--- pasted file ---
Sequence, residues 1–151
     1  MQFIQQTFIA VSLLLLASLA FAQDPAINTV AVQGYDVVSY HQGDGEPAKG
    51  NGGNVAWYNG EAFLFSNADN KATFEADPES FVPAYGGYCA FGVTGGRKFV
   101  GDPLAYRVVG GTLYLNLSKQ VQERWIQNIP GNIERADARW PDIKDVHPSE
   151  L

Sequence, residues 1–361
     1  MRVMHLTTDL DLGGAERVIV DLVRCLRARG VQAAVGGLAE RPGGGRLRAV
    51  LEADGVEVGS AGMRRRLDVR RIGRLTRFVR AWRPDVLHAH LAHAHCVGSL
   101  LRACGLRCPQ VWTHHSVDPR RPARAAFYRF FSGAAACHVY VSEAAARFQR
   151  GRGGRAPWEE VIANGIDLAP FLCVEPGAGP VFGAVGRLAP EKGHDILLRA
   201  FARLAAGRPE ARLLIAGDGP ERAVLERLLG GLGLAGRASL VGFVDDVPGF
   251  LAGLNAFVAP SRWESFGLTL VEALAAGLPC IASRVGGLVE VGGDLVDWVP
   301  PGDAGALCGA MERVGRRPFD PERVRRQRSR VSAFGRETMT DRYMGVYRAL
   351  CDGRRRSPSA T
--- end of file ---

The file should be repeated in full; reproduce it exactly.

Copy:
Sequence, residues 1–151
     1  MQFIQQTFIA VSLLLLASLA FAQDPAINTV AVQGYDVVSY HQGDGEPAKG
    51  NGGNVAWYNG EAFLFSNADN KATFEADPES FVPAYGGYCA FGVTGGRKFV
   101  GDPLAYRVVG GTLYLNLSKQ VQERWIQNIP GNIERADARW PDIKDVHPSE
   151  L

Sequence, residues 1–361
     1  MRVMHLTTDL DLGGAERVIV DLVRCLRARG VQAAVGGLAE RPGGGRLRAV
    51  LEADGVEVGS AGMRRRLDVR RIGRLTRFVR AWRPDVLHAH LAHAHCVGSL
   101  LRACGLRCPQ VWTHHSVDPR RPARAAFYRF FSGAAACHVY VSEAAARFQR
   151  GRGGRAPWEE VIANGIDLAP FLCVEPGAGP VFGAVGRLAP EKGHDILLRA
   201  FARLAAGRPE ARLLIAGDGP ERAVLERLLG GLGLAGRASL VGFVDDVPGF
   251  LAGLNAFVAP SRWESFGLTL VEALAAGLPC IASRVGGLVE VGGDLVDWVP
   301  PGDAGALCGA MERVGRRPFD PERVRRQRSR VSAFGRETMT DRYMGVYRAL
   351  CDGRRRSPSA T